In Haiti camps where Oxfam works, hygiene education helps guard against cholera

By Coco McCabe
Education about good hygiene is one of the keys to preventing the spread of cholera. Oxfam has been working on public health education in the camps. Photo by Oxfam America

The cholera outbreak that is now sweeping Haiti has sickened more than 19,640 people and killed 1,186. But in the camps where Oxfam has been working with displaced people since the devastating earthquake in January, there has not been one single confirmed case of the deadly waterborne disease.

“Our programs in the capital are in full swing, reaching over 315,000 people with clean water, sanitation services, and hygiene education,” said Raphael Mutiku, head of Oxfam’s water and sanitation operation in Haiti.

All together, Oxfam is reaching nearly 700,000 people with these services and fighting the spread of the disease on three fronts: in the Petite Riviere area of the Artibonite province, in camps scattered across the hills of Port-au-Prince, and in Cap Haitien, a large city in the northern part of the country.

The program in Cap Haitien started again on Monday when calm returned following violent demonstrations that had blocked the roads. Oxfam had suspended the program for a week.

“We’re working in a slum area of Cap Haitien with terrible sanitation and where good, basic hygiene is often not practiced,” said Elodie Martel, Oxfam’s program manager there. “ We’ve helped to treat water for the local water network, but we couldn’t complete the job because of violence. If we’re able to circulate freely and safely, we’ll be able to reach over 250,000 people in and around Cap Haitien.”

Haiti is preparing to choose a new president from a crowded field of candidates in a national election on Nov. 28. The winner will face the enormous—and immediate challenges—of a country in the grip of deadly cholera, a capital in ruins, and more than a million people still homeless after the quake. Demonstrations, some of them violent, continue sporadically in Port-au-Prince and Hinche. But these have yet to affect Oxfam’s programs.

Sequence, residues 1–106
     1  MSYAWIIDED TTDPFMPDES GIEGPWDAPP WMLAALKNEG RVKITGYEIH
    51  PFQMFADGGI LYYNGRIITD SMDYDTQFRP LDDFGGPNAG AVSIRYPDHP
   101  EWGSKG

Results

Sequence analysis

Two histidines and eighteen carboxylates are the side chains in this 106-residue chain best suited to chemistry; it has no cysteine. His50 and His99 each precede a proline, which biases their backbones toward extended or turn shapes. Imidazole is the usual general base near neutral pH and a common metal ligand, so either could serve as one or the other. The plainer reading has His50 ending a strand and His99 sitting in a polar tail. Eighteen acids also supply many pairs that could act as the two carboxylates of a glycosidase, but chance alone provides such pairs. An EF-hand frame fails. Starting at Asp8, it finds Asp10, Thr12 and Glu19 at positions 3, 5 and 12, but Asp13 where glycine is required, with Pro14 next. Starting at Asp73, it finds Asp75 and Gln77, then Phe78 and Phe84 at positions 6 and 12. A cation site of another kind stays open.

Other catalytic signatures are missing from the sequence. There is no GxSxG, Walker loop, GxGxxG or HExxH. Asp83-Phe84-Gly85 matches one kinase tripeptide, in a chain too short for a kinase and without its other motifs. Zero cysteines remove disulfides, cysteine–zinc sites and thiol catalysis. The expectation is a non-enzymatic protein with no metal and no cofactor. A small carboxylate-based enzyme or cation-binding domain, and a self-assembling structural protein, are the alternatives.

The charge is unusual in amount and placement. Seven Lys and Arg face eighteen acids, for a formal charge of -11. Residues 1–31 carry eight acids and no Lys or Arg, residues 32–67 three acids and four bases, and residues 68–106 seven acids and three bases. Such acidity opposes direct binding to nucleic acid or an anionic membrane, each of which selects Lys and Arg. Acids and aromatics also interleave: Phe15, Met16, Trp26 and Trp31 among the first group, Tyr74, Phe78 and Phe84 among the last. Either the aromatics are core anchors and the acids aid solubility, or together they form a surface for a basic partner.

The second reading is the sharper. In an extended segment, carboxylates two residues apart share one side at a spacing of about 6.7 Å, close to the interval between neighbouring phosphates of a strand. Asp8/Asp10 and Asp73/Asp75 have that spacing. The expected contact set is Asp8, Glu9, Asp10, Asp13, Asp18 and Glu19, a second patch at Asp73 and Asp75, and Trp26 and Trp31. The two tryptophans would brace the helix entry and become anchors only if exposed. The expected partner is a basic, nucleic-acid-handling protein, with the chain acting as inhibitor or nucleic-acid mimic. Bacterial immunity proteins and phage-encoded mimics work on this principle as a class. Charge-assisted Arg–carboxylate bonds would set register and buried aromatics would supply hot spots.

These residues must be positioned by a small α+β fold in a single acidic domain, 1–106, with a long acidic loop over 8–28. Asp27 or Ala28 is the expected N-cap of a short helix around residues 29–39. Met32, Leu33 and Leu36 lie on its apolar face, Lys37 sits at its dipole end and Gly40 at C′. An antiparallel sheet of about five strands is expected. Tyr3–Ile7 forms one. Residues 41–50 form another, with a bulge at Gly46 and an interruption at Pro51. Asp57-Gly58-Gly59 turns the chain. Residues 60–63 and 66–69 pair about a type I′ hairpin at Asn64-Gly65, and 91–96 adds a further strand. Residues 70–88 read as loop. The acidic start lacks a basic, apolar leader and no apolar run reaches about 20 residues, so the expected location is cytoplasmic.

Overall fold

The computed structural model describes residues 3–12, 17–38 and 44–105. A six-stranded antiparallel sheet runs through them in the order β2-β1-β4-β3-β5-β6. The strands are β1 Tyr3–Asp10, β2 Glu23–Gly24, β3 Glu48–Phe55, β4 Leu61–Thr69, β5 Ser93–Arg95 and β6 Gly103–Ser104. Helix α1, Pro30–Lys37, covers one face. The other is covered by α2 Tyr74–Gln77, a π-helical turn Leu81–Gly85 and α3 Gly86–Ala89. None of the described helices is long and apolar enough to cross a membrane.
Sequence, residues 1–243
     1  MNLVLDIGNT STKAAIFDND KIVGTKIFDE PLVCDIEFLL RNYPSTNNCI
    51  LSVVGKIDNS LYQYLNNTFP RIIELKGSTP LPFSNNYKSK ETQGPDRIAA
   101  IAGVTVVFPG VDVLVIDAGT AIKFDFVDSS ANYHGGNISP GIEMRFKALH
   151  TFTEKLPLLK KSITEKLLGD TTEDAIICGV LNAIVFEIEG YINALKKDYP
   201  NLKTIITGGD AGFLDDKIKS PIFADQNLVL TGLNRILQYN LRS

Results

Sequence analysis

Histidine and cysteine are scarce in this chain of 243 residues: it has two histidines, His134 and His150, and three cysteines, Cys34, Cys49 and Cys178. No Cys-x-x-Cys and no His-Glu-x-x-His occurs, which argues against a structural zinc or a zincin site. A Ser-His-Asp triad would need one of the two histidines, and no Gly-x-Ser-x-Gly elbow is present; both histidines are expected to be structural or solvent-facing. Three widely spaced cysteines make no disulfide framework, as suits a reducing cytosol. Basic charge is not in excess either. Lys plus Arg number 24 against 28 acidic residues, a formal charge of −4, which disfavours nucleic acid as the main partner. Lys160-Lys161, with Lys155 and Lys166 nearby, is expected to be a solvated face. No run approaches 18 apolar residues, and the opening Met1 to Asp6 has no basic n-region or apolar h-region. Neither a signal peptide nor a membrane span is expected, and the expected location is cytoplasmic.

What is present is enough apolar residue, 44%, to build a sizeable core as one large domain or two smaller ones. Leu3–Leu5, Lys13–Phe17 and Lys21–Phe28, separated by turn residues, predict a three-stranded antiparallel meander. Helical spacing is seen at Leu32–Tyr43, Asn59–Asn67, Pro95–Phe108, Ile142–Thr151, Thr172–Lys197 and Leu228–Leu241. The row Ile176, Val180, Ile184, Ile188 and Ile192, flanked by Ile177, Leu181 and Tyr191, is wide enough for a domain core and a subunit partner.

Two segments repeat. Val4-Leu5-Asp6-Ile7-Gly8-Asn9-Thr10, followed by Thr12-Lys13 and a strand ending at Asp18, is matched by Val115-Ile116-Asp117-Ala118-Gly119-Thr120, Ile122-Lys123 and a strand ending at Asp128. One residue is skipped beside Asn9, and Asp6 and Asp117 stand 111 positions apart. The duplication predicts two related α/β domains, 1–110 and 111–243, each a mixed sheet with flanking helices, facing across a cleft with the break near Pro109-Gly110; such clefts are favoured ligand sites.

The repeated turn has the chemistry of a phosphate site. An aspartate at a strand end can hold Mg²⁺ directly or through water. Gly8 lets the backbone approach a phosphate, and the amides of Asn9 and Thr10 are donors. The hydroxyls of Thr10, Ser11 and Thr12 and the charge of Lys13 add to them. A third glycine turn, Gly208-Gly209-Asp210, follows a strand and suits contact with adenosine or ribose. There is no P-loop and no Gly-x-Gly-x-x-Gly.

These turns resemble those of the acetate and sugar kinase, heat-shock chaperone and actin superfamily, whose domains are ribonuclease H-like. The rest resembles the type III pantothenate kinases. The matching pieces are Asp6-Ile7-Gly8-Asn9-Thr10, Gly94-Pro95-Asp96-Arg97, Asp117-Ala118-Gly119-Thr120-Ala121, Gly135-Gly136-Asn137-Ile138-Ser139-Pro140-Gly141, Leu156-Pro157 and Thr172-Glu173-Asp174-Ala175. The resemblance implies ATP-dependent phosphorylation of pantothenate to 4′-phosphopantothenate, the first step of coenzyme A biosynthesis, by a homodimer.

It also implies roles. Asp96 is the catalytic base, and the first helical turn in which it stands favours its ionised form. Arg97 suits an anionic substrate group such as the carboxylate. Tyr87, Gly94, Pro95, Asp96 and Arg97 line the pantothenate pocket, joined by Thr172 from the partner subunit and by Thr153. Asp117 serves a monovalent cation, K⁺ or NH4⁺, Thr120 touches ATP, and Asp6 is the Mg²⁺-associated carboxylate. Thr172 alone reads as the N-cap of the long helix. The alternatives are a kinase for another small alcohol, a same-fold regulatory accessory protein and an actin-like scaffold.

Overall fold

The organization now has 700 staffers dedicated to stopping the spread of cholera—and public health education is key.

“Good hygiene practices can’t be adopted overnight, but we’re doing our utmost to get hygiene information out to as many people as possible,” said Mutiku. “Most of the cases of cholera in Port-au-Prince are in the slums that did not receive post -earthquake relief. Now we have to all work together to ensure that every last person in Port-au-Prince  has clean water and information about good, basic hygiene practices. This is the only way to stop the spread of cholera.”

Though experts don’t know yet the exact origin of the disease, the government tested the water in the Artibonite River—in the province where the outbreak began—and found it contaminated by the cholera bacteria.

What’s needed?

On Monday, the United Nations reported that the appeal it’s leading for $164 million to fight cholera has received less than 10 percent of that amount—not nearly enough for an adequate response.

“Critical supplies and skills are urgently needed,” said Nigel Fisher, a UN humanitarian coordinator. “We need doctors, nurses, water purification systems, chlorine tablets, soap, oral rehydration salts, tents for cholera treatment centers, and a range of other supplies.”

The disease has now reached six of Haiti’s 10 departments. Across the country—the poorest in the western hemisphere—less than a quarter of Haitians have access to adequate sanitation and most do not have access to clean water, all of which increases the chance that cholera will continue to spread.

Among the challenges Haiti faces as it combats the disease is a shortage of cholera treatment centers. The capital, Port-au-Prince, has just 1,000 beds available for cholera patients, and there are only another 1,000 scattered across the country.

An urgent investment in more public health education is also needed: Contradictory and inappropriate messages—some spread by uninformed commentators on the radio—are feeding panic and confusion. And limited communication networks have prevented clear information from reaching isolated areas.

Additionally, health risks are increasing because medical institutions are not processing adequately their contaminated solid wastes and the burial of bodies has been delayed or poorly managed—in some cases because no appropriate land has been allocated and in other cases because neither body bags nor chlorinated lime is available.

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